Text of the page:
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Decision No. 13,303

Appeal of the BOARD OF EDUCATION OF THE JOHNSBURG CENTRAL SCHOOL DISTRICT from a determination of a '3020-a hearing panel concerning charges against Mary McSweeney, a tenured teacher.

Decision No. 13,303

(December 8, 1994)

Judge & Duffy, Esqs., attorneys for petitioner, H. Wayne Judge, Esq., of counsel

Bernard F. Ashe, Esq., attorney for respondent, Kevin H. Harren, Esq., of counsel

SOBOL, Commissioner.--Petitioner, the Board of Education of the Johnsburg Central School District, appeals the determination of a hearing panel convened pursuant to Education Law '3020-a which found respondent guilty of one charge of incompetency and not guilty of five other charges. The panel recommended that respondent be suspended without pay for 20 weeks. Petitioner seeks a determination that respondent is guilty of all charges. Petitioner also seeks authorization to terminate respondent's services. The appeal must be sustained in part.

Respondent has been employed as an elementary school teacher in petitioner's schools since 1968. On or about September 13, 1993, petitioner found probable cause to prefer charges against respondent. The charges were subsequently amended. They allege that respondent made inappropriate remarks to a fourth grade student, humiliated another student, made inappropriate comments to the parents of a student, improperly gave a student a ride in her car, permitted her fourth grade class to wear Halloween costumes on October 31, 1991 against written instructions from the building principal and brought her entire class to the school office to make a telephone call.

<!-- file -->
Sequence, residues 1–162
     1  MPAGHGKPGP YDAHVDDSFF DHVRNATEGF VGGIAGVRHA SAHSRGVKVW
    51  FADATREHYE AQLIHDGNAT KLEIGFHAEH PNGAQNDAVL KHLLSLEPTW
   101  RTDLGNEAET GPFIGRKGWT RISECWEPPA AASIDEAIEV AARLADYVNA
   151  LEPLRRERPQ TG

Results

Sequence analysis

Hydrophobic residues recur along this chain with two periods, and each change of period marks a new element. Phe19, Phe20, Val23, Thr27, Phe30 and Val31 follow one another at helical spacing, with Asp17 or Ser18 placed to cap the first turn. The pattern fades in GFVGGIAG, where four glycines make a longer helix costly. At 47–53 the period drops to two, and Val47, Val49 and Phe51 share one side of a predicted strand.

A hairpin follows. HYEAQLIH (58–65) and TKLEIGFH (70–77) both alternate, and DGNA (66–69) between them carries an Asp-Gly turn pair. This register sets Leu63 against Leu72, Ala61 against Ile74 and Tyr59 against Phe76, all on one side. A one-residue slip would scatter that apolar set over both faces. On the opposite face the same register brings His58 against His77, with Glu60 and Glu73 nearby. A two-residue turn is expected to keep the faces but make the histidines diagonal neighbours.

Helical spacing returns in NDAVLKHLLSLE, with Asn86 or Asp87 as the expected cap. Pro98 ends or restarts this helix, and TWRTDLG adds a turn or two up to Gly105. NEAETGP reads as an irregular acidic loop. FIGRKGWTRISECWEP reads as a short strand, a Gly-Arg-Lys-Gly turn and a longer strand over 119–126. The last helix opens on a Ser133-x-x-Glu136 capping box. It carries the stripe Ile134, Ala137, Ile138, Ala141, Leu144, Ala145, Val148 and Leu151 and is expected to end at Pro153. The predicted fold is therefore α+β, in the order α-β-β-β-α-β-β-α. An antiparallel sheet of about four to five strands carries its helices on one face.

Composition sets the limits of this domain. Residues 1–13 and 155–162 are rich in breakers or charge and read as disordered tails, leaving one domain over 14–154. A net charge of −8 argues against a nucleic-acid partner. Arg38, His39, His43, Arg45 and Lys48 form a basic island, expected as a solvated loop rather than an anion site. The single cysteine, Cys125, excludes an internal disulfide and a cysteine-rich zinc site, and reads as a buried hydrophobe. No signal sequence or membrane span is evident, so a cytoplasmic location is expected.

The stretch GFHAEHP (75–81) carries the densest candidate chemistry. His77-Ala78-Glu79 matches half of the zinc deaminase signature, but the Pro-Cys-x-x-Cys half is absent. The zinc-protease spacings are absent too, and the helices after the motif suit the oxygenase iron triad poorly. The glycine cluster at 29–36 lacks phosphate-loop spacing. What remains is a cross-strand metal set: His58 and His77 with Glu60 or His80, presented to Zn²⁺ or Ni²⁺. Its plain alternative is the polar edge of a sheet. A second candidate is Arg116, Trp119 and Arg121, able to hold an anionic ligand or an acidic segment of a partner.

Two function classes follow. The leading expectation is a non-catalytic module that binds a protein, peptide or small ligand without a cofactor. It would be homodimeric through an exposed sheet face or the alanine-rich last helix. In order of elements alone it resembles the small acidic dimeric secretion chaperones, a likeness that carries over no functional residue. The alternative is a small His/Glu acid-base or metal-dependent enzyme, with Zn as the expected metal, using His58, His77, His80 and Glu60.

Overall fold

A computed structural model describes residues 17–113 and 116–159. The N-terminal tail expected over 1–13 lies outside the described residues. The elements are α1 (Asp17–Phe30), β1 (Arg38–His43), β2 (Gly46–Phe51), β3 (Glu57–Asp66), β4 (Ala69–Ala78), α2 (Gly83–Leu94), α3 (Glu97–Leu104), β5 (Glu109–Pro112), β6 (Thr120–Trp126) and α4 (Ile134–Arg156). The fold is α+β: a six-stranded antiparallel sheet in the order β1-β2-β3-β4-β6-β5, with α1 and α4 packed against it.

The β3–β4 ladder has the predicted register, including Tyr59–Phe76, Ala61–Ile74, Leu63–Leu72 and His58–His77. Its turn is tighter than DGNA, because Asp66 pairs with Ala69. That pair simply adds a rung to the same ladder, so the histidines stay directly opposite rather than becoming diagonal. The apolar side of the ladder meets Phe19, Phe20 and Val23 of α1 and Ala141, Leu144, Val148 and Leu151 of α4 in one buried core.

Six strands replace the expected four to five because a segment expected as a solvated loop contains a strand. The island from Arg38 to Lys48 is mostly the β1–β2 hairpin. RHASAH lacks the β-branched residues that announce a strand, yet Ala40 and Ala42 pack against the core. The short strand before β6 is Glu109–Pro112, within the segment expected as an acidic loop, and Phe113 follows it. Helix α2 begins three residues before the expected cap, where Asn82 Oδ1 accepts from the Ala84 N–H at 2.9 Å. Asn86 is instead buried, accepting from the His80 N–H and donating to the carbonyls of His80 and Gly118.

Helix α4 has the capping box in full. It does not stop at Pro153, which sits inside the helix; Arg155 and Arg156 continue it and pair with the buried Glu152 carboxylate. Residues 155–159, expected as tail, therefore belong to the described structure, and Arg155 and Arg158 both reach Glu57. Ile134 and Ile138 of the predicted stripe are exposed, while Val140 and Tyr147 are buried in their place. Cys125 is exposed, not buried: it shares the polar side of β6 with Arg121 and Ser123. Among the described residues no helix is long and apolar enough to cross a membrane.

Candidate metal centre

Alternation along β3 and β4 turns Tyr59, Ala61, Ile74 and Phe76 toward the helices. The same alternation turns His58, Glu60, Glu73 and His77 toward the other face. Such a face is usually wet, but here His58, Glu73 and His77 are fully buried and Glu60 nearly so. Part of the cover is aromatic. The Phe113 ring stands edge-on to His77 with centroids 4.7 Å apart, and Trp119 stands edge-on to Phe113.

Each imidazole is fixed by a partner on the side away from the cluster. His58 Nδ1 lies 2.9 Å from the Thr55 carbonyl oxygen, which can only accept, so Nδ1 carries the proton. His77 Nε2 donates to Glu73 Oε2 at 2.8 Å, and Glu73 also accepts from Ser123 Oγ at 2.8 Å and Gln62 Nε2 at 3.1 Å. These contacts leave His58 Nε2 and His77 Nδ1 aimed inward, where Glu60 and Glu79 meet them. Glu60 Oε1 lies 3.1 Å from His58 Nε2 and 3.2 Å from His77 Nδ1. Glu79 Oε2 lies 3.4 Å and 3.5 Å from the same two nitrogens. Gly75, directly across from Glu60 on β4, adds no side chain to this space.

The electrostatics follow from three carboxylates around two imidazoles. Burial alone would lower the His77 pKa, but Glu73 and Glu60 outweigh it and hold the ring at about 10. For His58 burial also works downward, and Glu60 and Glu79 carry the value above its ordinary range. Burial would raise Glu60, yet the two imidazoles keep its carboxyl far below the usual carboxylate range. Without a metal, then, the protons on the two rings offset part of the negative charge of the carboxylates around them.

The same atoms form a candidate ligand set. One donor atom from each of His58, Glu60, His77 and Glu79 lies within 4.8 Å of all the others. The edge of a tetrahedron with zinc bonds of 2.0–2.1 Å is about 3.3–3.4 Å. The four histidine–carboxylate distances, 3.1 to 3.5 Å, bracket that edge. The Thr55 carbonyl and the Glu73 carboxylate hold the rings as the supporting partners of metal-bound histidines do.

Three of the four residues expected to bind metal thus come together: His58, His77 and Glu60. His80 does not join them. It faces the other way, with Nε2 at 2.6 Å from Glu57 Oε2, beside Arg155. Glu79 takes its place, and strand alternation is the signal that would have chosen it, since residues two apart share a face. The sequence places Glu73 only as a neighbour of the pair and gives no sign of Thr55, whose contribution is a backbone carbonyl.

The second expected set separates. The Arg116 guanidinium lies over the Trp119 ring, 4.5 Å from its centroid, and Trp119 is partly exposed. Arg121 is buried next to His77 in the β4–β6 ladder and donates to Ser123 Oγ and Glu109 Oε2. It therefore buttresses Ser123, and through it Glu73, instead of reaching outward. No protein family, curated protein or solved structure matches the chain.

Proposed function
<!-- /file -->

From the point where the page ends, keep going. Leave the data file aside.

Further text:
A hearing was conducted over four days between November 22, 1993 and March 24, 1994. On or about June 15, 1994, the panel issued a decision in which it found respondent guilty of using inappropriate language while talking with a student about two other students. Specifically, the panel found that respondent said to a fourth grade student "fuck means sex." The panel found respondent not guilty of the remaining five charges and recommended that respondent be suspended without pay for 20 weeks.